Driven by a historic low solar and wind power tariff, India is about to take a leap of faith on the renewable energy front, lining up green project auctions to the tune of about Rs 2.7 lakh crore in 2018.
The government has drawn up a plan to auction 30 GW (gigawatt) of solar, 10 GW of wind and 5 GW of offshore wind projects next fiscal, pegged at Rs 2.7 lakh crore with an average equipment cost of Rs 6 crore per megawatt (MW).
To put things in perspective, wind power tariff dropped sharply to an all-time low of Rs 2.43 per unit during an auction conducted by Gujarat Urja Vikas Nigam Ltd (GUVNL) yesterday.
Earlier, the tariff was down at Rs 2.64 during the second auction of the Solar Energy Corporation of India (SECI) for 1 GW projects in October this year. In the first round, the tariff stood at Rs 3.46.
As for solar power, the tariff too dropped to a record low of Rs 2.44 during an auction earlier this year.
Investors are upbeat about the government's new proposal of offering incentives in the order of Rs 11,000 crore to promote domestic manufacturing of solar equipment. It is likely to be approved and implemented in 2018.
But worries remain. Huge dependence on import for setting up of solar projects due to inadequate domestic manufacturing capacity here is still a sticking point. The proposed incentives and the recently floated expression of interest for 20 GW solar capacities by the SECI are expected to address the issue.
During an interview earlier this month, Power and New & Renewable Energy Minister R K Singh had told PTI, "We want to bring two expressions of interest for setting up domestic manufacturing capacities of solar equipment. That would be for polysilicon..."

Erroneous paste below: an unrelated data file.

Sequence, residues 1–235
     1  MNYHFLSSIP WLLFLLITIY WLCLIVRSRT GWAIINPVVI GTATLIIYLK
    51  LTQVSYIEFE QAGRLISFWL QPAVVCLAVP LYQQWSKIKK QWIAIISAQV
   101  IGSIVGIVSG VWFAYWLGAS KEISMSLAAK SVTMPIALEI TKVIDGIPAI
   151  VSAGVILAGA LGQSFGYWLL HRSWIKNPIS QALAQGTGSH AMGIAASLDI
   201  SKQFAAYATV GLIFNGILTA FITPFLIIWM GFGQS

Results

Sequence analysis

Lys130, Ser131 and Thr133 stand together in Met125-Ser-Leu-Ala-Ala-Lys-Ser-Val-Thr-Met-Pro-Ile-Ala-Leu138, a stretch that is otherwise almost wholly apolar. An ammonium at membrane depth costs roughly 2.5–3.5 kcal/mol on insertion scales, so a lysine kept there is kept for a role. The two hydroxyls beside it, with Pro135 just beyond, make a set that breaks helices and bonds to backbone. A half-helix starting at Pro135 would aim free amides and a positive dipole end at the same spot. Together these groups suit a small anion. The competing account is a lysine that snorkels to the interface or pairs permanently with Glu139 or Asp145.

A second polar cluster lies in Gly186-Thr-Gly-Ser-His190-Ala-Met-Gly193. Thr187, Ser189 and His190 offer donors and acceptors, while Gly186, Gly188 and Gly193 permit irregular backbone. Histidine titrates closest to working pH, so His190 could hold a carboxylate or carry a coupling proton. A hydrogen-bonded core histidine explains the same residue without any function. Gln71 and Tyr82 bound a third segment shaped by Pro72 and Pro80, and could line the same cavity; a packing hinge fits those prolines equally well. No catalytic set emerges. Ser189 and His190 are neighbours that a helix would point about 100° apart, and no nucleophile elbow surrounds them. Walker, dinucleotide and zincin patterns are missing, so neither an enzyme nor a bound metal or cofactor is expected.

Only those who would set up manufacturing capacities in India from polysilicon onwards could bid, Singh had added.
"They would set up manufacturing capacity for solar cell and modules in the first year. In the second year, they would set up capacity for solar wafers. In the third stage, they would set up capacity for polysilicon," Singh had said.
There are also plans to float solar capacities at hydro plants where evacuation facility is available.
To allay industry fears on meeting renewable purchase obligation (RPO), the minister has promised that these issues will be addressed through the Electricity Amendment Bill, which is likely to be pushed in the Budget session of 2018.
He has also given an assurance that the RPOs will be made mandatory.
The RPO refers to the legal obligation on some entities to either buy electricity generated by specified 'green' sources, or buy, in lieu of that, 'renewable energy certificates (RECs)' from the market.
The other big policy initiative that would help the renewable cause is removal of distinction between small (up to 25 MW) and large hydro power projects under the proposed hydro policy, which provides for incentives to the tune of Rs 16,000 crore for this segment.
Currently, large hydro projects are not counted as renewable ones and are not entitled to incentives available to small projects.
Removal of the distinction is expected to add another 45 GW to the renewable kitty. India's renewable energy capacity now stands at around 60 GW.
Sanjeev Aggarwal, Managing Director and CEO, Amplus Energy, said that in 2018, the states should be on par with the Centre when it comes to promotion and adoption of renewable energy.
About issues raised by the industry on honouring of power purchase agreements, Singh had clarified that these agreements are legal obligations and must be honoured.
Aggarwal pitched for providing greater powers to state regulators. He also made a case for making RPO a statutory requirement and introduction of penalties for non-compliance.
He is hopeful of bankability of discoms and improvement in their financial health in 2018.
He suggested that the grid infrastructure needs to be strengthened to accommodate 175 GW of renewable energy and standardisation of contractual bids. There should be "single window" for land acquisition for grid evacuation, and renewable energy specific lending and financing should meet the current investment parameters of the sector.
(This story has not been edited by Business Standard staff and is auto-generated from a syndicated feed.)